Hidilyn Diaz-Naranjo proves she is more than an inspirational figure as she breaks ground on ‘factory’ of champs
From Olympic weightlifting gold medalist to philanthropist.
Hidilyn Diaz-Naranjo proved she is more than just a beacon of hope by providing something more tangible that can help young athletes take the same path to glory she did: A training center in Jala-Jala, Rizal province, that she hopes will serve as a factory mill that will produce lifters like her.
“With all the blessings that I earned and received, I have to give back to the community,’’ said Diaz-Naranjo during the groundbreaking of her HD Weightlifting Academy in the fourth-class municipality located in a peninsula around 70 kilometers southeast of Manila.
Diaz-Naranjo’s proposed 108-square meter (sqm) single-storey training facility will rise at the center of the couple’s 7,000-sqm property in Sitio Manggahan.
Diaz-Naranjo’s husband and coach, Julius Naranjo, will serve as the academy’s chief coach and trainer. The couple began informally training about a dozen children aged 5 to 17 last year in a makeshift gym inside a garage.
“This is the start of something we really want to do, the beginning of what we are trying to achieve,’’ said Diaz-Naranjo, whose rise to fame began as an 18-year-old entry in the 2008 Beijing Olympics before gaining more experience in the 2012 London Olympics.
The pride of Zamboanga City finally reached the medal podium with a silver in the 2016 Rio de Janeiro Olympics prior to her golden breakthrough in the 2021 Tokyo Summer Games.
The couple expects the academy to be completed before the second quarter of next year with hopes of growing and sustaining the facility through the help of sponsors.
“For the meantime, ours is just an ‘outreach gym.’ We begin by addressing the needs of the athletes here in our community first,’’ said Diaz-Naranjo.
The design of the facility includes four platforms, three of which has room for 24 athletes training simultaneously in two-hour sessions. The remaining platform will accommodate athletes who want to rest.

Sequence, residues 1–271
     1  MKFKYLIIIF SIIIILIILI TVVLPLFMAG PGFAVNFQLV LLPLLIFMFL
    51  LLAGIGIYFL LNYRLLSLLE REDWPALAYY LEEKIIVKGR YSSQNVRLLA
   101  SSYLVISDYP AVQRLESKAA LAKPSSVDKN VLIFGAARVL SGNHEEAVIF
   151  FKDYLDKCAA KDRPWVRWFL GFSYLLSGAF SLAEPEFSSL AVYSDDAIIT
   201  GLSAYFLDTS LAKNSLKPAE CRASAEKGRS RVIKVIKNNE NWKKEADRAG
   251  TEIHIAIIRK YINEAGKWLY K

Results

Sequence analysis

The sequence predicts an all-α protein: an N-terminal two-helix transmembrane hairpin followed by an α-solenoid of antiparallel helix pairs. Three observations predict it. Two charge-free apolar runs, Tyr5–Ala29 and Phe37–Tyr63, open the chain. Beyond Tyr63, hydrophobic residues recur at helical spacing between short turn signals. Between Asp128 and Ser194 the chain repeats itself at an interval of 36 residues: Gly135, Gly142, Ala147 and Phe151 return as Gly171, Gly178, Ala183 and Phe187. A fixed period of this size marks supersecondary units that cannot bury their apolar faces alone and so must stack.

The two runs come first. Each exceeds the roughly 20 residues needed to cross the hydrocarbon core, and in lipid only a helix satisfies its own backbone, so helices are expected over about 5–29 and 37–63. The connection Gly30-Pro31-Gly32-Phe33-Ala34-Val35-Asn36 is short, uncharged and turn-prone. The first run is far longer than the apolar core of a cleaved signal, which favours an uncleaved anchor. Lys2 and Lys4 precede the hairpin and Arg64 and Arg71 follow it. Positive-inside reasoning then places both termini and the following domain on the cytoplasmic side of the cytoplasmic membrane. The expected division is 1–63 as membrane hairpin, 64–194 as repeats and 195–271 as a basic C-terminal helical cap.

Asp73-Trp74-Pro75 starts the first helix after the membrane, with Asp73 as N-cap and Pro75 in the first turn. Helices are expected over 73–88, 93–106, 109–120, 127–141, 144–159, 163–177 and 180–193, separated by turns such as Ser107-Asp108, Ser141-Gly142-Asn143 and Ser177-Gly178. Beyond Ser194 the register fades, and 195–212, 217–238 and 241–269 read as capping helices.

Paris training camp
The facility will likewise serve as training ground for Diaz-Naranjo’s bid for a fifth straight Olympics in 2024 Paris as well as her 19-year-old protege Rosegie Ramos, who is aiming to join the Filipino weightlifting heroine in the French capital next year.
This early, Diaz-Naranjo has also made it clear that kids will not devote their entire time to weightlifting. The academy will require the young athletes to focus on their schooling as well.
“It’s a requirement. Sometimes we provide scholarships to help them become good citizens that will eventually lead to a better life for their families,’’ said Diaz-Naranjo, who made time for her studies amid her busy schedule and completed her degree in business management at College of St. Benilde.
The academy comes at a time when Diaz-Naranjo feels the momentum of the sport is growing in the country.
“Kids come to our facility every day, although not everyone survives the training. We educate them on focus, discipline and commitment without vices and other activities that could affect their progress,’’ said Diaz-Naranjo.
The groundbreaking on Sunday was also attended by Philippine Sports Commission (PSC) chair Richard Bachmann and PSC executive director Paulo Francisco Tatad. INQ